Headlining their ridiculous efficiency through two quarters (63 per cent conversion rate) were the Southside starters, as the team’s core unit spread out the scoring load up until the midway point of the contest. More specifically, Cambage led the way with 13 points and three rebounds next to her frontcourt partner in crime Sara Blicavs, who totalled eight points and eight rebounds after 20 minutes.

Spirit Head Coach Tracy York relied heavily on her marquee duo in Ernst and Lavey, as the two combined for 33 minutes and 18 points in the first half, whereas Froling hustled her way to seven rebounds.

Bendigo enjoyed a rare scoring stint in the third term with an 8-2 run three minutes into the second half, lighting a small fire under the squad. Unfortunately for the Spirit, more of the same from Cambage was to follow, as she used her size and her strength to bully all opponents defending her around the rim.

Southside continued their barrage from deep thanks primarily to Steph Blicavs and Jarry in the third quarter alone, even including Development Player Saraid Taylor on the action as she polished off a triple with a minute remaining in the championship quarter. Clydesdale almost made the quarter better, getting off a last second three-pointer just milliseconds after the buzzer had sounded.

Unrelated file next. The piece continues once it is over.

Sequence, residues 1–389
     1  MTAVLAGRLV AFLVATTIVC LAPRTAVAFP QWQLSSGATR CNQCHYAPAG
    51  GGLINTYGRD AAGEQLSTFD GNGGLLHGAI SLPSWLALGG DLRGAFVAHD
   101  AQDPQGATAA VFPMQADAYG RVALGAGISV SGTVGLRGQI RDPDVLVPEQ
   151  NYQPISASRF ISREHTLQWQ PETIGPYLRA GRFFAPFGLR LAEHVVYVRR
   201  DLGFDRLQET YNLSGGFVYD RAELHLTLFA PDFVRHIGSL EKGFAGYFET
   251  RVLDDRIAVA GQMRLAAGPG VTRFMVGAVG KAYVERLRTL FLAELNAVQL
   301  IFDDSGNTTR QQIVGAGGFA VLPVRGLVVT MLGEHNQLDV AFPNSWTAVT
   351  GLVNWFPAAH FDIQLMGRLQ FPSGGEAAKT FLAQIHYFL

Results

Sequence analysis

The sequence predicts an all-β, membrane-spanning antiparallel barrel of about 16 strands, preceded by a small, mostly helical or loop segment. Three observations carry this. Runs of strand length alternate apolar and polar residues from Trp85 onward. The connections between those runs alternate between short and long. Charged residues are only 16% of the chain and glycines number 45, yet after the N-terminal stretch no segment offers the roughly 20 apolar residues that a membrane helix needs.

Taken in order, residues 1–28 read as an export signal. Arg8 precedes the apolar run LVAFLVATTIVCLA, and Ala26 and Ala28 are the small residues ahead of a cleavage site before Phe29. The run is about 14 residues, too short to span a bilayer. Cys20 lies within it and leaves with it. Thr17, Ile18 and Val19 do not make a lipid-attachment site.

A foregone conclusion long before the fourth quarter, the Flyers ran out Thursday night’s closer with a complete four quarter performance, outscoring the Spirit 22-13 in the fourth, cracking the 40-point lead mark with 102 seconds to play and achieving 100 team points on the game with 40 seconds left, culminating in a head-to-toe 102-60 rout of Bendigo.

Looking at both teams statistically, the Spirit would get the better of the Flyers in free-throw percentage, but virtually every other aspect of the game belonged to Southside. Most noticeable from last night’s victors was their accuracy from the field, as last year’s runners-ups converted on 38 baskets from 71 attempts (53 per cent). This also included 13 threes from 26 assists in what was nothing less than a one-sided affair.

In just 20 minutes of play, Cambage would set a game-high total in points with 19, while Sara Blicavs continued to uphold her reputation as a rebounding machine with a double-double performance of 17 points and 12 boards. Cole (12) and Mitchell (10) also secured double digits, as Conti impressed off the bench with her fast-paced style of play and silky handles – she finished with nine points and three rebounds.